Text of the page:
Todd A. Peperkorn, STM
Messiah Lutheran Church
Transfiguration (February 1, 2009)
For an audio MP3 of this sermon, CLICK HERE
TITLE: “View from the Top”
Grace to you and peace from God our Father and the Lord Jesus Christ. Amen. Our text for today is the Transfiguration of our Lord from St. Matthew chapter seventeen, as well as from the Second Epistle of St. Peter.
Dearly beloved. We don’t follow myths or fables when it comes to telling you about the coming of our Lord Jesus Christ for your salvation. So often when it comes to the life of the Church, we can get the feeling or the sense that these are all just so many stories, one piled upon another. The stories of Jesus’ life can start to feel like fairy tales, with their miracles, parables, morals, great big events, and the like. It’s almost like you’re watching a movie or reading a book. But we can forget that these events took place. Jesus did come into the flesh, sent by God the Father out of love for His fallen children, you. Jesus was born of a virgin girl from Nazareth. He was born, and lived an unassuming life. No one realized who He was as they walked in their midst, even though Jesus didn’t deny His identity as the Son of God.
But St. Peter the apostle reminds us that he and two other disciples were eye-witnesses of His majesty. What does that mean? It means that there was a time when they went with our Lord up to the top of a mountain, probably Mount Tabor, also called Mount Carmel, where Elijah did battle with the prophets of Baal long before. They went up this mountain, and while they were up there, they were given a glimpse, a little taste of his great glory.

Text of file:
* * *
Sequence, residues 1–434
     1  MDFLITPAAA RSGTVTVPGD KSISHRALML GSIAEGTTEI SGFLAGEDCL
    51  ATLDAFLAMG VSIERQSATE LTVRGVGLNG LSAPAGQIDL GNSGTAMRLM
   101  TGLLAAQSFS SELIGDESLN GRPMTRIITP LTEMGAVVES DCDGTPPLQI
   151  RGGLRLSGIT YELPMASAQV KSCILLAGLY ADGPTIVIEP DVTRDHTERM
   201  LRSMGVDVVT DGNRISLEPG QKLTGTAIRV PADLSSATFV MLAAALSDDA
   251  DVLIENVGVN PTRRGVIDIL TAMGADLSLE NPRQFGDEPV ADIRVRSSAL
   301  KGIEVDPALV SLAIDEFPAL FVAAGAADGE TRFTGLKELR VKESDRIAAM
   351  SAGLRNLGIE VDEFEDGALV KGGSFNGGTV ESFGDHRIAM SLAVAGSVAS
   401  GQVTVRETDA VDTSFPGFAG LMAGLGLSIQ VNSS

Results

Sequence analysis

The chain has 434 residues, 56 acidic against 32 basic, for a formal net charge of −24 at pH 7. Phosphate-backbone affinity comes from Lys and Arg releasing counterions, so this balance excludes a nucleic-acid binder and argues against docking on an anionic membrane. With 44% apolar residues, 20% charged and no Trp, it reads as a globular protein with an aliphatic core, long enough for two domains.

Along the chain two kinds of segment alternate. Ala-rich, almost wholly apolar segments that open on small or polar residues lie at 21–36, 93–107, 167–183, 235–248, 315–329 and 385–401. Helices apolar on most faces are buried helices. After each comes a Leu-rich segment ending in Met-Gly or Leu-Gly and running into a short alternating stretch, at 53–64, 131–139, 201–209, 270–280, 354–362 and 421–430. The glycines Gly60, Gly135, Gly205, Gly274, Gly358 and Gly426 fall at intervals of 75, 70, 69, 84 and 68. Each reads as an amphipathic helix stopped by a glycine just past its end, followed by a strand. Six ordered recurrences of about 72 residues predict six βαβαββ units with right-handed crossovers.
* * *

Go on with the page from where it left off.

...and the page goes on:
Now if you’ve ever sat on top of a mountain, you know what kind of perspective it can give you. Sometimes it’s called the “God’s eye view of the world.” So they see him not clothed in flesh and blood, but they see Him with His divine majesty revealed. They get a little God’s eye view of things, including Jesus Himself, and they let us in on the picture.
So imagine this scene. From this mountain they have a God’s eye view of everything. They can see Mount Arrarat and Noah. They can see back to the angel of God on the mountain, staying the hand of Abraham from killing his son, Isaac. They can see Moses upon another mountain, where God revealed Himself in the burning bush. And again they can see Moses, coming down from Mount Sinai, where his face shown like the sun from being in the presence of God, just like Jesus. They can see Elijah doing battle with the prophets of Baal on Mt. Carmel, probably the exact same mountain they are standing on right then. They can see Jesus preaching the Sermon on the Mount. They can see The Mount of Olives. And they can see Mount Calvary, where our Lord would die for us and for our salvation. There are a lot of mountains to be seen from their view. God has been very busy indeed.
Yet when it comes to our view of God, we forget the big picture. We get so wrapped up in our lives, our problems and trials, that we forget to look up and see Jesus. But Peter, James and John see him. They don’t totally understand it all, as we’ll get to, but they see Him.